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Youth Radio is pleased to announce the latest awards for its student-led reporting.
“Emancipation: One Young Man Leaves Foster Care On His Own Terms” has been awarded a prestigious 2018 Edward R. Murrow Award for feature reporting from the Radio Television Digital News Association, which has been honoring outstanding achievements in electronic journalism since 1971.
Anaya brings listeners with him into one last court hearing as he ages out of California’s foster care system. Anaya was never adopted out of the system he was placed in as a one-year-old. Instead he looped through group homes and temporary placements, seeing nearly every facet of the foster care system first hand. Built on a foundation of deep reporting including culling through twenty years of foster care records, Anaya took listeners behind closed doors, revealing what remains out of sight from most Americans.
This piece saw a groundswell of public reaction. Youth Radio received hundreds of emails, calls, and comments from across the world offering help and support for Anaya.
Youth Radio is proud that this work has been chosen as an example of “the spirit of excellence” that the Murrow Award winners seek to honor.
This week, the series “That’s When My Childhood Ended” was also honored with both a Silver Award and a Bronze United Nations Department of Public Information Award for Best News Analysis Or Commentary as part of the New York Festival’s International Radio Program Awards for The World’s Best Radio Programs. This award “honors radio content in all lengths and formats and across all platforms from radio stations, networks and independent producers from around the globe.” The NYF awards are often referred to as the “Olympics of Radio awards.”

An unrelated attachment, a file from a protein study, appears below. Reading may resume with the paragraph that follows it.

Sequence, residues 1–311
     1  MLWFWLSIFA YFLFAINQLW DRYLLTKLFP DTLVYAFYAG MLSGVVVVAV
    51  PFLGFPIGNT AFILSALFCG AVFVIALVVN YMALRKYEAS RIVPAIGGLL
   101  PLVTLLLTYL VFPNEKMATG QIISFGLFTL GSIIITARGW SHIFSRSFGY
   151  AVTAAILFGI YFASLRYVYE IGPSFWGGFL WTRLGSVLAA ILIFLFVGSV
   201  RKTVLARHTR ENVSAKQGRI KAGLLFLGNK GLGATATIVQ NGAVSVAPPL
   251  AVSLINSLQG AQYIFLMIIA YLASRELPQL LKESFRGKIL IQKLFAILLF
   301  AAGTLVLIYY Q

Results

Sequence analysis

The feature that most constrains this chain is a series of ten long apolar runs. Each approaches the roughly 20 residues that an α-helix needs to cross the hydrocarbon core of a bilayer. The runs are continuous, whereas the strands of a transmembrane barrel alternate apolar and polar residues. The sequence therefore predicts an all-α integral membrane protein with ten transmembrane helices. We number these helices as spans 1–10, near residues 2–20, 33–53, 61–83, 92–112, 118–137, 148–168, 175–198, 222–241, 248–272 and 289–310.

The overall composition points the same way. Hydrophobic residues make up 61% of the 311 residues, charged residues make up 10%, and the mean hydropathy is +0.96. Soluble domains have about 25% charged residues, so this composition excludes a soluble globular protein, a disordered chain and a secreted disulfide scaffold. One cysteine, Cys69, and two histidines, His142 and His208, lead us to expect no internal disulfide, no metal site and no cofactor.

In this five-part series, young people report from across America, where students grapple with the effects of teen suicide, sexual harassment, racism, deportation and foster care. Valencia White, Charlie Stuip, Zola Cervantes, Sasha Armbrester and Noel Anaya uncover fault lines in public systems that are meant to serve and protect millions of young Americans every day.
Check out the links below to listen to and read all these stories, and see more of Youth Radio’s award-winning reporting on the Awards page.
I used to dream of [adoption]. Having a mom and dad, siblings to play with, a dog. But when I hit twelve, I realized that I was getting old and adoption probably would never happen for me.
13 students from Oxford High School worked with administrators to write and record personal stories and play them over the morning announcements.
While students who’ve experienced sexual assault are relying on Title IX, the Trump administration may pull back some protections.
Zola Cervantes, 17, knows the impact deportation can have on a family first hand. Her dad was deported when she was 11. This story was produced by Youth Radio in collaboration with Boyle Heights Beat.
Inspired by Colin Kaepernick, a Bay Area high school cheerleading squad begins taking a knee during the national anthem, despite backlash from coaches and spectators.